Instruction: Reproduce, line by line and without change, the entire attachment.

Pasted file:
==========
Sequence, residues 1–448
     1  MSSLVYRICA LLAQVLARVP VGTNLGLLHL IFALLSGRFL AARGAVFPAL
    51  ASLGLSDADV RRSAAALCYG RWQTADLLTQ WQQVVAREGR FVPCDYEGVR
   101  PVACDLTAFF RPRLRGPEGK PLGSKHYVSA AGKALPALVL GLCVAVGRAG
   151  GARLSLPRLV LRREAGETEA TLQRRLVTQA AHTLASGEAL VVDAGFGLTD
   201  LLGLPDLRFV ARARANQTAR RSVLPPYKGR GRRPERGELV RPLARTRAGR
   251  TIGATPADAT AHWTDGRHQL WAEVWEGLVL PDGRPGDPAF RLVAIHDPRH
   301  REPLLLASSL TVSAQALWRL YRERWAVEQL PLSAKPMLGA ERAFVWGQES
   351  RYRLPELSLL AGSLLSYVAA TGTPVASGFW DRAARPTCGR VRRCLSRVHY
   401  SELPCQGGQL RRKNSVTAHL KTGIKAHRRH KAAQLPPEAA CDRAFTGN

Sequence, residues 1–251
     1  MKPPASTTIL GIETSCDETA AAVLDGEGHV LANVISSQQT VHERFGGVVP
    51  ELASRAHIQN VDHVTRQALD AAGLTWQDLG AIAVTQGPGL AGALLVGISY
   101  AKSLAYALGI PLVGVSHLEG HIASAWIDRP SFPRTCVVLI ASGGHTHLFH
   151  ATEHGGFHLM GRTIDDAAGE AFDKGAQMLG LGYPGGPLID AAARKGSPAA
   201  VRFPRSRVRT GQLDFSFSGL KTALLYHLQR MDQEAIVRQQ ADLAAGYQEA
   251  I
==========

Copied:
Sequence, residues 1–448
     1  MSSLVYRICA LLAQVLARVP VGTNLGLLHL IFALLSGRFL AARGAVFPAL
    51  ASLGLSDADV RRSAAALCYG RWQTADLLTQ WQQVVAREGR FVPCDYEGVR
   101  PVACDLTAFF RPRLRGPEGK PLGSKHYVSA AGKALPALVL GLCVAVGRAG
   151  GARLSLPRLV LRREAGETEA TLQRRLVTQA AHTLASGEAL VVDAGFGLTD
   201  LLGLPDLRFV ARARANQTAR RSVLPPYKGR GRRPERGELV RPLARTRAGR
   251  TIGATPADAT AHWTDGRHQL WAEVWEGLVL PDGRPGDPAF RLVAIHDPRH
   301  REPLLLASSL TVSAQALWRL YRERWAVEQL PLSAKPMLGA ERAFVWGQES
   351  RYRLPELSLL AGSLLSYVAA TGTPVASGFW DRAARPTCGR VRRCLSRVHY
   401  SELPCQGGQL RRKNSVTAHL KTGIKAHRRH KAAQLPPEAA CDRAFTGN

Sequence, residues 1–251
     1  MKPPASTTIL GIETSCDETA AAVLDGEGHV LANVISSQQT VHERFGGVVP
    51  ELASRAHIQN VDHVTRQALD AAGLTWQDLG AIAVTQGPGL AGALLVGISY
   101  AKSLAYALGI PLVGVSHLEG HIASAWIDRP SFPRTCVVLI ASGGHTHLFH
   151  ATEHGGFHLM GRTIDDAAGE AFDKGAQMLG LGYPGGPLID AAARKGSPAA
   201  VRFPRSRVRT GQLDFSFSGL KTALLYHLQR MDQEAIVRQQ ADLAAGYQEA
   251  I